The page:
Long-Term Treatment of Bipolar Disorder in Children
Karen Dineen Wagner, MD, PhD
Department of Psychiatry, University of Texas Medical Branch, Galveston
An increasing amount of evidence indicates that bipolar disorder in children has a chronic course. Geller and colleagues1 conducted a prospective 8-year follow-up study of 115 children with first-episode bipolar I disorder; although recovery rates from mania were 88%, the relapse rate was 73%. Of the 54 youths who were young adults by the end of the 8-year follow-up, 44% had a manic episode in adulthood, which demonstrates continuity between childhood and adulthood bipolar disorder. Therefore, children with bipolar disorder are likely to need long-term treatment.
Efficacy of Medication Treatment
Four atypical antipsychotics and lithium have FDA approval for the treatment of bipolar I disorder, mixed or manic, in youths (AV 1AV 1) .2–6 Aripiprazole, quetiapine, and risperidone are approved for youths aged 10 to 17 years, and olanzapine is approved for ages 13 to 17 years. Efficacy of these medications as monotherapy was demonstrated in double-blind, placebo-controlled trials7–10 ranging in duration from 3 to 4 weeks. Another atypical antipsychotic, ziprasidone, also was significantly superior to placebo as monotherapy for pediatric mania in a 4-week, double-blind, placebo-controlled trial.11
To date, the anticonvulsants divalproex ER,12 oxcarbazepine,13 and topiramate14 have not been shown to be significantly superior to placebo in acute treatment studies for youths with bipolar I disorder, mixed or manic. However, divalproex demonstrated significant efficacy compared with placebo in 1 study.15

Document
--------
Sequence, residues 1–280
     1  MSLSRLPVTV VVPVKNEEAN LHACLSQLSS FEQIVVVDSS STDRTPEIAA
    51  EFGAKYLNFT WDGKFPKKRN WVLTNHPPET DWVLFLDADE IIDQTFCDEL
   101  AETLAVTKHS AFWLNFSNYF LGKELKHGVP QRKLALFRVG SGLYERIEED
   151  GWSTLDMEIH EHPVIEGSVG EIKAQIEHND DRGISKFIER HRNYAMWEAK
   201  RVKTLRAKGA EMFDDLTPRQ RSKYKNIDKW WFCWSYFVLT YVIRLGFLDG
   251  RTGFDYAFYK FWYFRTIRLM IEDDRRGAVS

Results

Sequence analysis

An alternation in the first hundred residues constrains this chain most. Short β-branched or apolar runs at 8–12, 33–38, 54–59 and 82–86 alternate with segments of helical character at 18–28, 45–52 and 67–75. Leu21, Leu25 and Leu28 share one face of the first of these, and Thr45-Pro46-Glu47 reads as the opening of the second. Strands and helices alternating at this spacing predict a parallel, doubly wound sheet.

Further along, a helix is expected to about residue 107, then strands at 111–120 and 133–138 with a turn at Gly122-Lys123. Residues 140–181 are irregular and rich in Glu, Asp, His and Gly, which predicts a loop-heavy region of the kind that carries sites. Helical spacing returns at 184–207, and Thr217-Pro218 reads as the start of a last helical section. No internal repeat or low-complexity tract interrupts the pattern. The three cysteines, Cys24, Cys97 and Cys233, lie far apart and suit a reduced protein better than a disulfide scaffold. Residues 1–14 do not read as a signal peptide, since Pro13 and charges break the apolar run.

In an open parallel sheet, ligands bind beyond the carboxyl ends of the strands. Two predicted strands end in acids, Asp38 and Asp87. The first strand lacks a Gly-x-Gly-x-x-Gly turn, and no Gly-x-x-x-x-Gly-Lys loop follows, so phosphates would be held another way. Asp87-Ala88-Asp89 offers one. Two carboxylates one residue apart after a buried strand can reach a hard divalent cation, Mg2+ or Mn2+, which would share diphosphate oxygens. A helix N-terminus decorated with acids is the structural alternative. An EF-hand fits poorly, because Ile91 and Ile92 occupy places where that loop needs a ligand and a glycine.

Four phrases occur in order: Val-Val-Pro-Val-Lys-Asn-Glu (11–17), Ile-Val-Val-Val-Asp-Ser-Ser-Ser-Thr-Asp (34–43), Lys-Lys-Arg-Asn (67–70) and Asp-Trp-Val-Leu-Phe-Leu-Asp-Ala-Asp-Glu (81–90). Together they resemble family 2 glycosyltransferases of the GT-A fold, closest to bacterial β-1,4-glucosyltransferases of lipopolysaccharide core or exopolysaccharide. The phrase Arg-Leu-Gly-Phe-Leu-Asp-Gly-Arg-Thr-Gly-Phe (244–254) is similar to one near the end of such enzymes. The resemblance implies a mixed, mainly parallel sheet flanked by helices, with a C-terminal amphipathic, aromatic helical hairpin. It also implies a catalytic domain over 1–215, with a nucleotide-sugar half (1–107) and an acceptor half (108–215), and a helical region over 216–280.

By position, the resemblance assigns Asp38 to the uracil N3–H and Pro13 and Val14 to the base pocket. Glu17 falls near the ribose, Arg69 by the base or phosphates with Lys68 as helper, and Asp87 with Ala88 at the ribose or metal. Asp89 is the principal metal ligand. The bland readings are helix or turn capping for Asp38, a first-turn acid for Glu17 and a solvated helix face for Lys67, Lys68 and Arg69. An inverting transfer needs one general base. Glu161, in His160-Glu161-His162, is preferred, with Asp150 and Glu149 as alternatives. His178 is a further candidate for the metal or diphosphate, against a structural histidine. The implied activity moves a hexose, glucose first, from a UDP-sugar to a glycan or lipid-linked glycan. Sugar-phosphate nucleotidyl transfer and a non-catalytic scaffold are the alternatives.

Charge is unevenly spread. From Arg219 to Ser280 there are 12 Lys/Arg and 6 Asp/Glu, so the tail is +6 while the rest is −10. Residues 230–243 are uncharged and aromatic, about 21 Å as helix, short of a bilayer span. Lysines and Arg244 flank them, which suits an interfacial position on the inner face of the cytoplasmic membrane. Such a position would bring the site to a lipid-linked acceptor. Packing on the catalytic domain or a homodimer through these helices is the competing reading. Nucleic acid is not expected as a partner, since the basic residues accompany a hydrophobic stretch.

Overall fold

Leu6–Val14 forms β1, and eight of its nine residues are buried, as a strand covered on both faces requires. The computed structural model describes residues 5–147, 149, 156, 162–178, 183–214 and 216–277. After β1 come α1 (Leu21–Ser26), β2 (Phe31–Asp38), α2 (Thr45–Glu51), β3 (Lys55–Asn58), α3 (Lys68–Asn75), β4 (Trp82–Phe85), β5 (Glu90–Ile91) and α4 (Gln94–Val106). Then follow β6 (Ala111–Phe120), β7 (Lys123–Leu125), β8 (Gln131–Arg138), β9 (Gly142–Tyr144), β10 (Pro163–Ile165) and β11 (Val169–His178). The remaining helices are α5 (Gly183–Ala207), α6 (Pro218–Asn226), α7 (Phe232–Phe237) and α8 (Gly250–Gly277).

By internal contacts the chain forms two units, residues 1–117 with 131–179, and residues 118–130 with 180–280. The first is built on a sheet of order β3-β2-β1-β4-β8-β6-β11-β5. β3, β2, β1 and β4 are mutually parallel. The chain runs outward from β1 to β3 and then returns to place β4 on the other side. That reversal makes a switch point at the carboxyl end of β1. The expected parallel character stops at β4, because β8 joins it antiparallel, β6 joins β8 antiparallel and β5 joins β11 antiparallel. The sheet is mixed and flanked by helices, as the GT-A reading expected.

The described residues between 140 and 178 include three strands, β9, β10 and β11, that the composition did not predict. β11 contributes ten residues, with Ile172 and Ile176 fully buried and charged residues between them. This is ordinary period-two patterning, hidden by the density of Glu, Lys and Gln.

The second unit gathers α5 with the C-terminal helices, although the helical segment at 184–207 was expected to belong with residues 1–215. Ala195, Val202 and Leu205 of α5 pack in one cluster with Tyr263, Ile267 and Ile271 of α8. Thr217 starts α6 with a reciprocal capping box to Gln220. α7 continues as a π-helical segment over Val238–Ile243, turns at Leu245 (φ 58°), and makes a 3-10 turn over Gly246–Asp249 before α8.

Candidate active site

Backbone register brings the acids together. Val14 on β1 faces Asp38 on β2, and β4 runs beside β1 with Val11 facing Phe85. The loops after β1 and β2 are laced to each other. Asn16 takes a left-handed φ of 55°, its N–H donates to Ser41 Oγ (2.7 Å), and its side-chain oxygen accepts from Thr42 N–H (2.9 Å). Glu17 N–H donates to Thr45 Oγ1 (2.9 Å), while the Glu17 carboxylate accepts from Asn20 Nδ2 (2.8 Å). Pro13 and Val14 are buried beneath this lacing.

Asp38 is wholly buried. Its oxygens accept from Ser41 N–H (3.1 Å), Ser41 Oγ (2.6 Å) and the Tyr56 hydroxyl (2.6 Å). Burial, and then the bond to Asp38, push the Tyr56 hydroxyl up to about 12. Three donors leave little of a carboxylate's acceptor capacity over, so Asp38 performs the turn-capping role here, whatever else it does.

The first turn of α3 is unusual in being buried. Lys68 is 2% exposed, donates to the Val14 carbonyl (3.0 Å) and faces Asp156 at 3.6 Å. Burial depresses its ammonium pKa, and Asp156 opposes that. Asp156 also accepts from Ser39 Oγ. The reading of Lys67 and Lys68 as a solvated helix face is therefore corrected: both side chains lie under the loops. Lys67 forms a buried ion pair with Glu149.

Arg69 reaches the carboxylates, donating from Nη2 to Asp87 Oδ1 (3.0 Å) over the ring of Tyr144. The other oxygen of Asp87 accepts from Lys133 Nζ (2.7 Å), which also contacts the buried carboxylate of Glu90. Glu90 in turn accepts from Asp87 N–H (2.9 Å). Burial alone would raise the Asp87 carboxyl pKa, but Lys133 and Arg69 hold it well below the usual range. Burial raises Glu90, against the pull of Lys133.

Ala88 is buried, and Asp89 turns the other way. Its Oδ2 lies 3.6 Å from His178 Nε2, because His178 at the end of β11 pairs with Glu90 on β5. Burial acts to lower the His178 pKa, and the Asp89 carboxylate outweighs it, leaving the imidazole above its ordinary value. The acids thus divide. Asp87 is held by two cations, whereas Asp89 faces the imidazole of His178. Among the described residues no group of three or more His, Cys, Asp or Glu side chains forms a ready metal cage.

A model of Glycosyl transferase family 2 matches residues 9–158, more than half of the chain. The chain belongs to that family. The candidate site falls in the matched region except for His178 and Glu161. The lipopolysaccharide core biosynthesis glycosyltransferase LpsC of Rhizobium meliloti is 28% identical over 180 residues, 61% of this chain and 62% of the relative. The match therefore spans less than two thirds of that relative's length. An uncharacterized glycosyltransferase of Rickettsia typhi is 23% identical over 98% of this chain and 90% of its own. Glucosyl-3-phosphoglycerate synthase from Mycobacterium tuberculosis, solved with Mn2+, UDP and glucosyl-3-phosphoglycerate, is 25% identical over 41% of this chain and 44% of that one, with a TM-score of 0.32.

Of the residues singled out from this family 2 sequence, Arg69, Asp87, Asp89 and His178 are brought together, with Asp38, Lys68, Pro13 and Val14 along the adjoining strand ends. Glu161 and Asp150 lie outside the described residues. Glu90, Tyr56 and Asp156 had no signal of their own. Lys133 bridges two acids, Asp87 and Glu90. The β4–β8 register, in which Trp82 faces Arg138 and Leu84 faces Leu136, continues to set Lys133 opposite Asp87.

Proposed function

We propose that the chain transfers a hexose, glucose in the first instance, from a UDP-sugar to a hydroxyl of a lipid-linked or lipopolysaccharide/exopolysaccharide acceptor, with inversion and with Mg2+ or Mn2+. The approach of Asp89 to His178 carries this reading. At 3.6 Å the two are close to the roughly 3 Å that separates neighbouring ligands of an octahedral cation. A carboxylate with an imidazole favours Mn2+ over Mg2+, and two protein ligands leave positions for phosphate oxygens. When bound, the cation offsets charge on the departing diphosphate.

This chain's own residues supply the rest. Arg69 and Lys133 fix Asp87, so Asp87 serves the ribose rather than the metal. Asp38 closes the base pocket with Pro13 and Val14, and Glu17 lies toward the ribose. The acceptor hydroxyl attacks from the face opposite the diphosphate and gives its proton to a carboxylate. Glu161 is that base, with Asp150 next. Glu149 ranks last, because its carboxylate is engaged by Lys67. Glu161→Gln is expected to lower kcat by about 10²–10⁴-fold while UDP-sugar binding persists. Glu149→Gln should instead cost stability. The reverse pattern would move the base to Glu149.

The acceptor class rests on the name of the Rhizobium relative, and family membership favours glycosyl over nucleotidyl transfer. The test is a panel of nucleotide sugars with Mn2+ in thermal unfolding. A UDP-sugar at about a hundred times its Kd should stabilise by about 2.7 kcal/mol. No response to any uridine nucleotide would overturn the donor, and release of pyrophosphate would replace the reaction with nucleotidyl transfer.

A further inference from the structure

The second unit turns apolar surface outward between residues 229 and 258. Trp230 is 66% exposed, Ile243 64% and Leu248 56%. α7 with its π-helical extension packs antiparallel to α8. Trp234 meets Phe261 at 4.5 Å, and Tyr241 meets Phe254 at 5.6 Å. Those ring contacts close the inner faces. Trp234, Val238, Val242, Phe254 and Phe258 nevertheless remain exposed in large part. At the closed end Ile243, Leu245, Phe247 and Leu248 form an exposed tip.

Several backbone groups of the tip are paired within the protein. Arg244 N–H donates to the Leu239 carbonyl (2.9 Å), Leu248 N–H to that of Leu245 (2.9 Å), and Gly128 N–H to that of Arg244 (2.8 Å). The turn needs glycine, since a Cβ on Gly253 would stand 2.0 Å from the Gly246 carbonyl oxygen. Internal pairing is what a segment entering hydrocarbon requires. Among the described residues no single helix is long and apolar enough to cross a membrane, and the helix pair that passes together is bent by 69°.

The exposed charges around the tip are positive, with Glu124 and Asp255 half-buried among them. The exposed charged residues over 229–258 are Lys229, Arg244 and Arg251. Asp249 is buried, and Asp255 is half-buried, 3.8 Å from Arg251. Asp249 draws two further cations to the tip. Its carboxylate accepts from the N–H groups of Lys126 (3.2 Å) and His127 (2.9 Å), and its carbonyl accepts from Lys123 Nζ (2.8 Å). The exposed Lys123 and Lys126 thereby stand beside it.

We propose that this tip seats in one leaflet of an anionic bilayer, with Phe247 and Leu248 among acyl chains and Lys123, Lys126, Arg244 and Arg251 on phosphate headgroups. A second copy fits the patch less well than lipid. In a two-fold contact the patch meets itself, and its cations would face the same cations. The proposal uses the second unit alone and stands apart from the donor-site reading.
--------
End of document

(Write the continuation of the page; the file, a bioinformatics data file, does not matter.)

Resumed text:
Limited information exists on the efficacy of treatments for bipolar I disorder, depressed, in youths. A controlled trial16 of quetiapine did not demonstrate superiority to placebo. However, open-label acute studies of lamotrigine17 and lithium18 showed a reduction in depressive symptoms.
Although efficacy of medication treatment has been shown in acute treatment studies, minimal controlled data about long-term medication treatment in youth with bipolar disorder are available. Kowatch and colleagues19 found that 58% of children with bipolar disorder who were treated with 1 medication over 8 weeks required treatment with an additional medication during the 16-week extension phase. The response rate to combination treatment with 2 mood stabilizers was 80% for youths who did not respond to initial mood stabilizer monotherapy. Thus, children with bipolar disorder will often require medication combination treatment over time.